The Reformed Church of Bögöz is one of the most beautiful and representative ecclesiastic buildings of the region. In the middle ages, it was a Catholic church with a valuable mural ensemble depicting details from the legend of the great medieval Hungarian King, Saint Ladislaus, commonly referred to as the “Knight King.” Art historians also mention that the late-Gothic sanctuary, the pointed-arch windows, and the late-Gothic consoles are particularly beautifully carved.

The first construction phase of the Bögöz church dates back to the 13th century.

The early medieval sanctuary can still be found in today’s church. Later, in the early 14th century, the earlier church building was expanded with a more massive nave, a semicircular sanctuary and a tower; a sacristy was added at the beginning of the 15th century. By the turn of the 15th–16th centuries, the congregation grew, and the sanctuary was expanded again, reshaped into a polygonal form and supported with Gothic buttresses. On the north side, a second sacristy was constructed as well.

The first burials inside the church date back to the 15th century, namely the family members of the church’s patron, János Bögözi, were put to their final resting places there. After the extinction of the Bögözi family, at the beginning of the 17th century, the Farkas family built a stone crypt in the church, where nine members of the family are buried.

The church’s nave is covered with a painted coffered ceiling, which was completed in 1724. The pulpit was made in 1748, while the painted, carved door of the south entrance dates back to 1761. The church was built of stone and brick. The beautiful medieval murals of the church date back to the 14th century. The precious artwork was discovered under the plaster layer during a late 19th century church reparation.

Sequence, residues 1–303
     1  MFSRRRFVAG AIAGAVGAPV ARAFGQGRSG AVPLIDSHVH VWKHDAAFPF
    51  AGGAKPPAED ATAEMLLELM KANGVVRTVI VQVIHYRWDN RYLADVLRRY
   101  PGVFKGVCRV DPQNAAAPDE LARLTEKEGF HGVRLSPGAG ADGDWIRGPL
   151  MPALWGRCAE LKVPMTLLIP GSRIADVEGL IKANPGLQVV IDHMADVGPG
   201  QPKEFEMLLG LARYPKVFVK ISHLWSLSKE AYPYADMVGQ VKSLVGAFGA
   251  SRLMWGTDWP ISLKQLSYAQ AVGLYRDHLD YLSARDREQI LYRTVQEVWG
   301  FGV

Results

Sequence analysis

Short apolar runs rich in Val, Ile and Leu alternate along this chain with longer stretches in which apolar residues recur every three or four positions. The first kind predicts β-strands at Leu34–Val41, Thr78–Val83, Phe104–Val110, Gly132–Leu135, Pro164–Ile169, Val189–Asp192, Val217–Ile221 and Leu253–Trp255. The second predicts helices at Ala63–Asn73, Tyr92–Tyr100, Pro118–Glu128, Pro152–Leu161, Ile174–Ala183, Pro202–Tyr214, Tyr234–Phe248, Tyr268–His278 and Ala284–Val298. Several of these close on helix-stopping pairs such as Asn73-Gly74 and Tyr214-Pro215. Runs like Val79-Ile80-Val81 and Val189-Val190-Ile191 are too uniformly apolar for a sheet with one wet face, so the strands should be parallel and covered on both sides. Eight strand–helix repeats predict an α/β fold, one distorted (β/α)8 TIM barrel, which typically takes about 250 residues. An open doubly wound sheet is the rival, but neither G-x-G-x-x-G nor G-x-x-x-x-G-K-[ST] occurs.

Detail from the mural paintings of Bögöz


The medieval murals were painted in at least two periods and are displayed on the western and northern walls of the nave. The two upper stripes may have been made in the first half of the 14th century, with fragments of the legend of Saint Ladislaus (1040–1095) at the top and the legend of Saint Margaret (1242–1270), the daughter of King Béla IV of Hungary, below. The mural stripe depicting the battle at Kerlés of Saint Ladislaus was significantly damaged during the construction of the 15th century vault and during the opening of the 19th century window, but the two stripes below it are relatively intact. The lowest mural stripe, depicting a Last Judgment scene, is in the best condition, which is also considered to be very interesting from an iconographic point of view.

This monumental mural ensemble was discovered by József Huszka in 1898, but its professional restoration was not fully completed until 2012. In the course of these refurbishing works, the fragments of the legend of Saint Ladislaus also became more interpretable.

Title image: The village of Bögöz is one of the oldest settlements of Udvarhelyszék, with a medieval church and valuable murals depicting details from the legend of the “Knight King.”

Source: lovagkiraly.org

Author: Éva Zay